The simplicity, and quick, "Ohh, I get it," nature of a well-formed Dad Joke is what makes them special. Take notes, add them to your phone, and make sure you have these in your back pocket to bust out at any time.
"Puts car in reverse gear"
"Wow, this really takes me back."
Raining Medical Jokes
"Dogs can't operate MRI machines."
Duh. It's Science.
"Which animals can jump higher than the Eiffel tower?"
"All of them, the Eiffel tower can't jump."
Say It Out Loud...
"Have you heard of Murphy's Law? It is "Anything that can wrong will go wrong"
"How about Cole's Law?"
"It is thinly sliced cabbage with a creamy dressing."
No Relish, Though.
"A Buddhist monk walks up to a hot dog cart, says: "Make me one with everything."
Watches, Chocolate, Jokes, They Can Do It All
"What's the best thing about Switzerland?"
"Well, its flag is a big plus…"
They Wanted To Wipe Their Slate Clean
"Did you hear about the criminal who stole all the toilets from the police station?"
"He didn't leave any evidence. Poor cops have nothing to go on."
Please Pick Up Your Amphibian At The Nearest Lot
"What do you call an illegally parked frog?"
That's An Academy Award Winning Joke, Right There
"Did you hear about that actor that got stabbed? Reece something...."
"No, with a knife."
So really, what is it about dad jokes that tickles us so much? For some, it might have something to do with connecting the person who told them it in the first place.
It's The Long Pause. That'll Seal The Deal.
"The only time I remember my dad making a pun.
He planted vegetables in a small plot in our suburban backyard.
I asked what he planted.
"Summer squash," he said.
"And some aren't."
One of my favorite memories."
Shut. Up. Filled With Love.
"When I was a kid I was riding in the car with my Dad and the gum I was chewing tasted like bananas, but it wasn't banana flavor. So I asked my Dad "Why does this gum taste like bananas?"
"He turned to me and pretending I was telling a joke said "I don't know, why?" So I responded with "Shut up." and he said "That joke isn't very funny.". Then we both laughed."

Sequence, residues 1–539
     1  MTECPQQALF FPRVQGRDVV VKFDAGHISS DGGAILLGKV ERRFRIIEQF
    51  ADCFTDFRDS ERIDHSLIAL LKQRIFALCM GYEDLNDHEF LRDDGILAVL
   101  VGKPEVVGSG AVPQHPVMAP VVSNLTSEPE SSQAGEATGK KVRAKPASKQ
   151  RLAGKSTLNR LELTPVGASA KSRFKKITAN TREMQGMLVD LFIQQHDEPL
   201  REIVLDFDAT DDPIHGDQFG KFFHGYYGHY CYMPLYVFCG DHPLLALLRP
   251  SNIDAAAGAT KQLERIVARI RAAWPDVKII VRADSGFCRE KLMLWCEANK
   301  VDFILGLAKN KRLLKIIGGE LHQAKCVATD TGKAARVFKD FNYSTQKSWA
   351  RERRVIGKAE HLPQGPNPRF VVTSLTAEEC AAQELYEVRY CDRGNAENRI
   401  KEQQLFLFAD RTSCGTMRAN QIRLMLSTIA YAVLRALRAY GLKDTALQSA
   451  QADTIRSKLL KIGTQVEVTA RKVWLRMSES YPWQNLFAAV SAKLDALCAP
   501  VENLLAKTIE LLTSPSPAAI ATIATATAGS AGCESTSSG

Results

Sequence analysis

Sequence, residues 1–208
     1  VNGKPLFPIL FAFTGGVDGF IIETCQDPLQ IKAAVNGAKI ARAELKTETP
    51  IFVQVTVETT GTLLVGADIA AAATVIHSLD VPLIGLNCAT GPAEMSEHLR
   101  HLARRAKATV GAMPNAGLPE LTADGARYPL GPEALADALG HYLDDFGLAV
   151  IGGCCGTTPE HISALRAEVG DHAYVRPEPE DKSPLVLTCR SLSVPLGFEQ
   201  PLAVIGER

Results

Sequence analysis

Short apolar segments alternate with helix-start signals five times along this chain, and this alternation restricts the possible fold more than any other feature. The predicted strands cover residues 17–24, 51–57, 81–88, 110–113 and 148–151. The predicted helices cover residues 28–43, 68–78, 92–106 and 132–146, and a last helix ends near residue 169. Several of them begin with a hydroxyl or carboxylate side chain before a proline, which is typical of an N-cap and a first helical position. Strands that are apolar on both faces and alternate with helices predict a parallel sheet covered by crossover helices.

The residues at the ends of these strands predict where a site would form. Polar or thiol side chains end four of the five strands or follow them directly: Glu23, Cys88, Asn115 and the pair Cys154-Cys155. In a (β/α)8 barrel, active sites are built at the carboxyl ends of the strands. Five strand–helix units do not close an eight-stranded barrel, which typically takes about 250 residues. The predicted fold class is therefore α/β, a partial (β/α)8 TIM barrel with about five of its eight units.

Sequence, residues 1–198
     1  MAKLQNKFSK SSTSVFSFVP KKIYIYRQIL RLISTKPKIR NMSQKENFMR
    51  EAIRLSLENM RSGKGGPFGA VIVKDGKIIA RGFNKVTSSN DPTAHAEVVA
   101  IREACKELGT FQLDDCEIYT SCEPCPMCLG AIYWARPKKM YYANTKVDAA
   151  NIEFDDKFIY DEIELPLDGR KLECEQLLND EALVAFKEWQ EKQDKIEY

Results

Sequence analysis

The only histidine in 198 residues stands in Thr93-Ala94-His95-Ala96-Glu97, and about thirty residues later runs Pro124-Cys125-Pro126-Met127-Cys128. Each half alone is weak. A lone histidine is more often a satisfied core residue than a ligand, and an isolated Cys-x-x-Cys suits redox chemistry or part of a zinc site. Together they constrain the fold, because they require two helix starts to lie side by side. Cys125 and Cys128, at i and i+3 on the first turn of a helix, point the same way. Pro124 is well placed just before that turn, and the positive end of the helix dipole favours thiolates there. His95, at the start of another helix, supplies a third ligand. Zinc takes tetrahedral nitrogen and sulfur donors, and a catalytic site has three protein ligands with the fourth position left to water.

"It became a running joke through his life, he would ask some random question and when I responded with "I don't know" he would tell me to shut up. And we would laugh."
"I miss him every day and that joke still makes me laugh."
Comforting Dad Pranks
"Not really a dad joke, but I told my grandsons that my new car's back window wiper was voice activated on rainy/snowy days. We picked them up from school for a long time (pre-covid.) They get in the car on a rainy day and I'll hear "ON!" from one of them (I turn on the wiper) and the other will shout "OFF!!" (I turn it off...) this goes on all the way home and I started it back in 2018!"
Forging Memories To Last Forever
"I just did the 'ol "Hi hungry, I'm dad" joke to my son for the very first time ever a couple weeks ago, been waiting so long to pull that one! Definitely my favorite!"
"What was your son's reaction[?]"
"He actually laughed! I thought he might be slightly too young to get the joke, but he's pretty quick witted for 3-1/2 years old!"
Now get cracking with the laughing.
Truth is stranger than fiction – which is why documentaries are so fascinating to watch.
Even some fictional movies are stories derived from real-life events or people, past or present.
In my humble opinion, Michael Moore makes excellent documentaries about social injustices and he fearlessly reveals the cracks and corruption within our government.
But some topics are meant to be explored beyond the two-hour-plus running time in movies. Which is why Netflix brought Tiger King as a docuseries, and it left audiences completely dumbfounded.
"What is the most insane documentary you've ever seen?"
People with unstable minds do the unthinkable, and our eyes are glued to the screen.
The Tragedy Of Timothy Treadwell
"Grizzly Man by Werner Herzog. It's a documentary about Timothy Treadwell, an environmentalist who spent 13 summers in Alaska camping out with grizzly bears and eventually gets eaten along with his girlfriend. And it was caught on tape, because he filmed everything. Dude was clearly not all there, just a sad story, but fascinating."
Devils In Our Midst
"Evil Genius. It's about the aftermath of a bank robbery in which the bank robber was a captive who had a bomb collar strapped to their neck. It's definitely one hell of a watch."
"There's an excellent documentary on an incident during the Troubles in Northern Ireland called 'No Stone Unturned'. It's an investigative journalism piece about British forces' collusion and coverup of the 1994 Loughinisland Massacre, when six people in a bar watching Ireland play in the World Cup were murdered by masked paramilitary gunmen with assault rifles."
"The methodical, step-by-step investigation and laying out of the (very incriminating!) evidence makes for a truly fascinating watch. Two of the filmmakers were later arrested by the PSNI and then released."
"Not an easy watch, but highly recommend it."
These are apparently psychologically riveting.
Leaving The Past In The Past
"Tell me who I am was the most heartbreaking documentary I've ever seen. It's about these twin brothers and one of them gets into a bad motorcycle accident when he was 18 and doesn't remember anything from before. His brother has to decide whether to tell him everything or let him live in ignorant bliss."